Eight years after establishing his namesake ready-to-wear label, Dion Lee is at a turning point. The 32-year-old Sydney native shifted his design and sales team stateside in 2016, dedicating the brand’s Australian office to production and retail. If moving half his business across the world wasn’t taxing enough, Lee chose 2017 to launch his first eyewear and menswear collections. Alongside his angular yet sensual womenswear, these additions exemplify the designer’s keen understanding of construction and materiality—a quality that makes him one of the most valuable fashion exports from Down Under. From his Tribeca office, Lee reflects on the events that contributed to the most transformative year of his practice.
How does splitting time between Sydney and New York inform your clothes? Do you try to reconcile both cultures?
Yes, particularly in the [spring 2018] collection. I was shifting between observations of urban and leisure-based cultures. Leisure is also relevant for New York because people, especially in the summer, like escaping the city. It was about mixing urban workwear references with more athletic, surf-culture influences.
Like with the leather flip-flops and relaxed tailoring?
Right. It’s there in the fabrications, washes, and silhouettes as well. Elements that are in between two places show how I put ideas together. Seeing two different cultures frequently is interesting. In Australia, you spend a lot of time outside. There’s a balanced relationship with nature that has subtle influences on how you dress. There’s more of a casualness that comes through there.
In recent seasons, your silhouettes have softened and adopted that sense of relaxation. Is this subconscious or intentional?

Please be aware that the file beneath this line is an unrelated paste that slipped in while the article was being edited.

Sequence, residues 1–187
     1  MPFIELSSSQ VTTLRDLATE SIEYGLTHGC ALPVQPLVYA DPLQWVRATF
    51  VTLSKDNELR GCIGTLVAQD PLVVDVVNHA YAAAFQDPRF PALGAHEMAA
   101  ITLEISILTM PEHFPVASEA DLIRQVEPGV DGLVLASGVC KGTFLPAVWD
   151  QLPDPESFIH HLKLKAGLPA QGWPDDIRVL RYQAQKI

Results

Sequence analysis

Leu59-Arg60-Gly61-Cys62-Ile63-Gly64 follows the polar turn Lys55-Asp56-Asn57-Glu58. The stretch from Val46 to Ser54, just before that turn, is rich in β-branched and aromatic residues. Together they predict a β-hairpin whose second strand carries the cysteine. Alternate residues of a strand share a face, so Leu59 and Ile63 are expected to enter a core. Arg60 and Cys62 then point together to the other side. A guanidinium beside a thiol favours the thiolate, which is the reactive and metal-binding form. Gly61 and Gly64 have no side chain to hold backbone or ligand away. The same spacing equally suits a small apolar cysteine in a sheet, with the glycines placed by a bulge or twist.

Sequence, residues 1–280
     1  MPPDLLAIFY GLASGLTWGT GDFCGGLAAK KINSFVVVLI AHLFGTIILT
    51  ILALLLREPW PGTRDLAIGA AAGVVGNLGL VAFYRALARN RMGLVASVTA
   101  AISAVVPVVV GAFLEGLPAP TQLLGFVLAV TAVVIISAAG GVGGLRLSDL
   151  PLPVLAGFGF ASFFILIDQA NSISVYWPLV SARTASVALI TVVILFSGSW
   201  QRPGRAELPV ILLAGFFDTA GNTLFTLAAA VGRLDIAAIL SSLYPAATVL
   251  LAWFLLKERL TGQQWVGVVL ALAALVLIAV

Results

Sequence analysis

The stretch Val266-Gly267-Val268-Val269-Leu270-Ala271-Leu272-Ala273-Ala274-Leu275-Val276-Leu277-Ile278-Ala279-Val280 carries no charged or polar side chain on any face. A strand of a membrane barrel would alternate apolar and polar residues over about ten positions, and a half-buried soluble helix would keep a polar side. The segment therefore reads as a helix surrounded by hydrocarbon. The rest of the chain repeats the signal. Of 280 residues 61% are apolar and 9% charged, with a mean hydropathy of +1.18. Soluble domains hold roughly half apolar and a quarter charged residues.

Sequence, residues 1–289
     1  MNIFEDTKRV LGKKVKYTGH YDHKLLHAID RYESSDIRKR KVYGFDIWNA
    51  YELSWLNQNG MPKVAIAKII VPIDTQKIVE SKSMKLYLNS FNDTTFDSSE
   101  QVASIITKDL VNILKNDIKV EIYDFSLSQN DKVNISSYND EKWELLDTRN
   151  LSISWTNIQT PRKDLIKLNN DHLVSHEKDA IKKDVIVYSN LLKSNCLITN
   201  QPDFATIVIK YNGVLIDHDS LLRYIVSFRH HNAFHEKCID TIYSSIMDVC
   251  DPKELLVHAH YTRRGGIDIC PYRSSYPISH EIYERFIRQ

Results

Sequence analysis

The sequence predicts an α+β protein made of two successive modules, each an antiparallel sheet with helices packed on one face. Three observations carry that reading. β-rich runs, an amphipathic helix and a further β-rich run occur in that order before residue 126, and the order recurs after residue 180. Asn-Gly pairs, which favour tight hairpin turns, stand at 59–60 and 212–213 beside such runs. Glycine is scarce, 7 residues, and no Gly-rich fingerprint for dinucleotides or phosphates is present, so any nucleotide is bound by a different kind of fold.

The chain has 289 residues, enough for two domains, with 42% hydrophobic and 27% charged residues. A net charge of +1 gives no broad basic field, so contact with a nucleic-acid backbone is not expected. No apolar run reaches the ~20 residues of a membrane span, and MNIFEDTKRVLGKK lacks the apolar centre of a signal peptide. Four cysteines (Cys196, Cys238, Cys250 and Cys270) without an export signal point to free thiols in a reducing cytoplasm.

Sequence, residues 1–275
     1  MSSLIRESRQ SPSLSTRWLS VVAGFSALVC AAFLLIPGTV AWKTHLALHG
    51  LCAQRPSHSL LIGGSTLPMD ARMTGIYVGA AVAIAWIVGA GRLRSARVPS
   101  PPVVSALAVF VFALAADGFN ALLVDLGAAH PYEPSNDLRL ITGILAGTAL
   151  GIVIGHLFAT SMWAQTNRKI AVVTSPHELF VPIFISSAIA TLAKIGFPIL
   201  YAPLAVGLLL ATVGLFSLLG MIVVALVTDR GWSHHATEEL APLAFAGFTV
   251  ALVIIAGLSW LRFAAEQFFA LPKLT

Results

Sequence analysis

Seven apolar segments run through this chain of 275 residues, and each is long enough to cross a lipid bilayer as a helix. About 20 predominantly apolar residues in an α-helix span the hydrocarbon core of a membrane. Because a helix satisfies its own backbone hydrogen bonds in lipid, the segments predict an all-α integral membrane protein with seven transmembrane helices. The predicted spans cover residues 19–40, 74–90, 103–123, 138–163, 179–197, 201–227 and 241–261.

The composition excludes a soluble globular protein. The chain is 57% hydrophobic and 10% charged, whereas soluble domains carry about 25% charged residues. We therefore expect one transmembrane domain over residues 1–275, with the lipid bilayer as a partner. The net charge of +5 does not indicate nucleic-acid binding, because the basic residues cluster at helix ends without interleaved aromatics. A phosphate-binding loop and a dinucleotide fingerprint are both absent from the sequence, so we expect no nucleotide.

I think it’s both. I’ve softened the collection as a result of my tastes evolving and my understanding of the customer growing stronger. The core ideas are the same, but the silhouettes evolve with time.
You reinterpreted lapels to create the shoulder of a dress in your spring 2018 collection—one of many tailoring references.
I always work the tailored jacket into the collection quite early. The collection often starts with tailored silhouettes. It’s something I enjoy designing. It comes naturally to me and is instinctively how I explore the lines of the collection and shape its signature pieces. As I’m sketching one thing, it starts to influence everything else, so I pull that influence across [the collection]. I’ll explore the same line in a jacket, a dress, and a T-shirt.
You recently introduced menswear. Why now?
Tailoring has always been a foundation for me. I often work from a masculine perspective, referencing pieces from my own wardrobe. I’ve reached a point of culmination with menswear ideas. The menswear puts a lot of the womenswear into context; together, they give a full view of the brand. It’s important for me to have both present to balance out what I want to say.
How do you articulate that?
Part of a new collection starts in response to my previous work. There’s always a period of reflecting on what I’ve just done and what I wanted to say that I didn’t. New ideas are the second part. For example, I saw a Henri Matisse exhibition in Los Angeles and started picking up on colors in different places—like a particular pink from a painting or a blue from a fabric header. Eventually I built a framework of different keynotes that made sense together and felt unlike anything I’ve done previously, but also felt relevant to the brand.
Do you translate your vision differently for clothing and accessories?
I don’t think there’s much difference. Whether you’re making a shoe, a jacket, or a piece of jewelry, it’s about how you refine the idea and execute it.